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Criminal Minds revolves around an elite team of FBI profilers who analyze the country's most twisted criminal minds, anticipating their next moves before they strike again.
Viewers who feel they may have been C.S.I.'d, S.V.U.'d, or NCIS'd to death, should really keep an open mind concerning Criminal Minds, because this compelling procedural crime series brings fascinating new facets to this crowded genre. The always galvanizing Mandy Patinkin Chicago Hope makes a welcome return to the small screen as Jason Gideon, head of the FBI's Behavioral Analysis Unit, and sage mentor to his elite team of profilers, including compassionate Aaron Hotchner Thomas Gibson, of Dharma & Greg, Lola Gladini as sex-crimes expert Elle Greenway since departed from the series, live-wire hunk Derek Morgan Shemar Moore, and genius-geek Spencer Reid Matthew Gray Gubler, who actually looks creepier than many of the perpetrators that the team races against time to apprehend. Before they can do that, they must establish psychological profiles of the criminals and think as they do. Given they have handles such as the "Seattle Strangler" and the "Keystone Killer," this can be psychologically taxing in one episode, Spencer confides to Derek that the job is giving him nightmares. While cliffhangers frame this inaugural season, each episode except the season finale wraps up its cases in the allotted hour.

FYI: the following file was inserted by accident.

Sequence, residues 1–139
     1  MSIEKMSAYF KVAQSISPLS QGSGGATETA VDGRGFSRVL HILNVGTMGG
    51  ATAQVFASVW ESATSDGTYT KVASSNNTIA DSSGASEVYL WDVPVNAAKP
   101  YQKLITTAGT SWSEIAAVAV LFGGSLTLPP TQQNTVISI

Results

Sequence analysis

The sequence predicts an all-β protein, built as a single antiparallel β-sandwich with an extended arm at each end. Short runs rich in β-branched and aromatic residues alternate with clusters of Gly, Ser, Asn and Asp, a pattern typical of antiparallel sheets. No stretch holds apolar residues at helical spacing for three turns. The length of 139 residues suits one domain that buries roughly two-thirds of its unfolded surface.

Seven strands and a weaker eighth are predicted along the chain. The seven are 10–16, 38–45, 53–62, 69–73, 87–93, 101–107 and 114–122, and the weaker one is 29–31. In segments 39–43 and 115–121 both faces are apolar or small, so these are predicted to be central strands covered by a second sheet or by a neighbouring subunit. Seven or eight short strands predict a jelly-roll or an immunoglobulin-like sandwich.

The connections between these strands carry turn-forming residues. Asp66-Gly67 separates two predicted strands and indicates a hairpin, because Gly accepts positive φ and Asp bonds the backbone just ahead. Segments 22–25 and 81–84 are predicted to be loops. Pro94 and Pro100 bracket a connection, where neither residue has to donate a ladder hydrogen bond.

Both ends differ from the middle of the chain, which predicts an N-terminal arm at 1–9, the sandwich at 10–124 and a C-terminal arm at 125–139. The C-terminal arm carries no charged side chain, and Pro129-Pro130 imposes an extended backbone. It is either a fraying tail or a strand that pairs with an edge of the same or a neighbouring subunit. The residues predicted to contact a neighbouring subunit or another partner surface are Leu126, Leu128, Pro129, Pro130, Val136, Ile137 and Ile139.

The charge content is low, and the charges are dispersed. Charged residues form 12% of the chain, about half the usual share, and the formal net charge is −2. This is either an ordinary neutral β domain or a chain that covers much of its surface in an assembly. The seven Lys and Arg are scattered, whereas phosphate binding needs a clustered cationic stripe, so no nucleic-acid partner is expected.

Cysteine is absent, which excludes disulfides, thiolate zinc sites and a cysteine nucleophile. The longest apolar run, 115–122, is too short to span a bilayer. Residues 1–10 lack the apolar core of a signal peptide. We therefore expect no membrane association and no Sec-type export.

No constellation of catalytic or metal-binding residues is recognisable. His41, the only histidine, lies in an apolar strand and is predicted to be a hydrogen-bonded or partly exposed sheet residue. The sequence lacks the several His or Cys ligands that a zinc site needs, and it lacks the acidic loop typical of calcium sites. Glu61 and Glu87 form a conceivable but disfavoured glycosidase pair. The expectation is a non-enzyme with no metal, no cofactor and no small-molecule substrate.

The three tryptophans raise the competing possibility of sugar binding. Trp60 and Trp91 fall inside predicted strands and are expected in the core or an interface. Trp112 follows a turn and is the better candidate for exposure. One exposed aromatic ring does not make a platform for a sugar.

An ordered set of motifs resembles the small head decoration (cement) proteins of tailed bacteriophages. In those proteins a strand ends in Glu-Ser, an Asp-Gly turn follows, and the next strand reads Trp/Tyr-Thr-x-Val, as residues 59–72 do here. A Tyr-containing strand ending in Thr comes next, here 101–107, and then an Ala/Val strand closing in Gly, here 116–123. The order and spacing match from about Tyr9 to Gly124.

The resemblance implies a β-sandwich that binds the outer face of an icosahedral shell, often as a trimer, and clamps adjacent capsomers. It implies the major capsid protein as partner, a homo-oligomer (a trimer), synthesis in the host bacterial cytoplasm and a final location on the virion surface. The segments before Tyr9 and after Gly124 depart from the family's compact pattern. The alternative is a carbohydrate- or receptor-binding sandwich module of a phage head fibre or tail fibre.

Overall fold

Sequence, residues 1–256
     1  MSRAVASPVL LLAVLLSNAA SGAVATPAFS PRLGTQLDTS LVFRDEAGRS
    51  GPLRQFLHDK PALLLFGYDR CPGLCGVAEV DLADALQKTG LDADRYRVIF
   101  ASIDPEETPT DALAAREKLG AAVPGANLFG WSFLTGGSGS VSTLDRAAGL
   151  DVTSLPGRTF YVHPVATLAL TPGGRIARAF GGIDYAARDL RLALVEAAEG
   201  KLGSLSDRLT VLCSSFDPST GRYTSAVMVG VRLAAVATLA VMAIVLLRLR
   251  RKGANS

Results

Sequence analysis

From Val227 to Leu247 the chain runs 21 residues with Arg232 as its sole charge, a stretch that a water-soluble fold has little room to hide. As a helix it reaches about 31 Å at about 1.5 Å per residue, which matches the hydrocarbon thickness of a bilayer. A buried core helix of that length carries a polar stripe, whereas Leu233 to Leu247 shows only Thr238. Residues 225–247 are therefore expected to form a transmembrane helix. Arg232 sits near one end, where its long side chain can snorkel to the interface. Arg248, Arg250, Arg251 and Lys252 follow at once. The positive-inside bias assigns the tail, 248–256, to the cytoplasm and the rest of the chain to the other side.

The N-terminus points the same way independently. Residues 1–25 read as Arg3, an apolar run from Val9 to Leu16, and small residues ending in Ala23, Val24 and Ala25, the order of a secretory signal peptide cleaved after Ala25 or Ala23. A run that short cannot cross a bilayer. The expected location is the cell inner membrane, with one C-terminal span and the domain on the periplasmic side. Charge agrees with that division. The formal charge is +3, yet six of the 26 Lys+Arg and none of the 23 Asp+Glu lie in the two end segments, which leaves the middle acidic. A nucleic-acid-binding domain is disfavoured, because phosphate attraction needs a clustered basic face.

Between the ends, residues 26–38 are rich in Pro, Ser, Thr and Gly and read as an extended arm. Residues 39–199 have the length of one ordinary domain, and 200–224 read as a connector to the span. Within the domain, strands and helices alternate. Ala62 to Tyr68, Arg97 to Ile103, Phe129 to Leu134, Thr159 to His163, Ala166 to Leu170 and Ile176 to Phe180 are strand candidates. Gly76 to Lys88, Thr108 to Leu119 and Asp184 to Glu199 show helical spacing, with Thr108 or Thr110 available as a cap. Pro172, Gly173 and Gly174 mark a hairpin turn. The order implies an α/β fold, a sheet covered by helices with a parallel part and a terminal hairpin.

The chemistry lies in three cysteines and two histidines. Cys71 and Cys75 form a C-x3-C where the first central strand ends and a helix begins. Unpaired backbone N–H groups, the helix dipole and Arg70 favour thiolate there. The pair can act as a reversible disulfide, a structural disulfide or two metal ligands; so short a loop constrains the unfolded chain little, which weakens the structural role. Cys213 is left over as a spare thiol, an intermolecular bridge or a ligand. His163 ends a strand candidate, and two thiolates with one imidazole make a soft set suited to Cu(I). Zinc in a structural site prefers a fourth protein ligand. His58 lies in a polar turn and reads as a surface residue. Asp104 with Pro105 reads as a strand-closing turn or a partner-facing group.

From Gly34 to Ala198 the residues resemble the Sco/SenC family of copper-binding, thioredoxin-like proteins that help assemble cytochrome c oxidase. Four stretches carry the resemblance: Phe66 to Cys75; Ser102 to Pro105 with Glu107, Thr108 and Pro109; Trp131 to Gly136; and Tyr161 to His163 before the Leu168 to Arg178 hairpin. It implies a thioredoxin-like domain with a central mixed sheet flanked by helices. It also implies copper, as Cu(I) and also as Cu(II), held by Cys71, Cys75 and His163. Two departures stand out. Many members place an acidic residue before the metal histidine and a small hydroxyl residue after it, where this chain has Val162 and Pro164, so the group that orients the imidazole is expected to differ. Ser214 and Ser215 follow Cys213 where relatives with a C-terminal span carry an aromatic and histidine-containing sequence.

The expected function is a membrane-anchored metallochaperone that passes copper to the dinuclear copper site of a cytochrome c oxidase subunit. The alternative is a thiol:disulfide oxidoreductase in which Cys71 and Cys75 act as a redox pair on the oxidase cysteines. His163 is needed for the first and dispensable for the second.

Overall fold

In addition to serial killers, the series unleashes a gallery of twisted and depraved specimens. "Trust me," Derek comments early on, "we cover the whole spectrum of psychos." This includes arsonists, rapists, child abductors, and even a cannibalistic killer. Anchoring the proceedings is Patinkin, who exudes authoritative gravitas, and who is always good for scenery feasting. He really comes to life when killers have Gideon at gunpoint and he taunts them into losing their already unsteady grip. Most episodes feature the voiceover of a team member reciting a pertinent quote from such varied sources as W.H. Auden "Evil is always human" to actor Peter Ustinov, a literary conceit that could stand to be retired. Stylistic flourishes in the editing and camerawork are likewise more of a distraction when the cases themselves are so gripping, given that the victims are primarily women and children. "There's nothing I would rather do than put the bastards away," Greenway states at one point. And there's nothing we'd rather do than watch them do it, which has made Criminal Minds, initially Lost opposite that ratings juggernaut, one of television's solid hits. --Donald Liebenson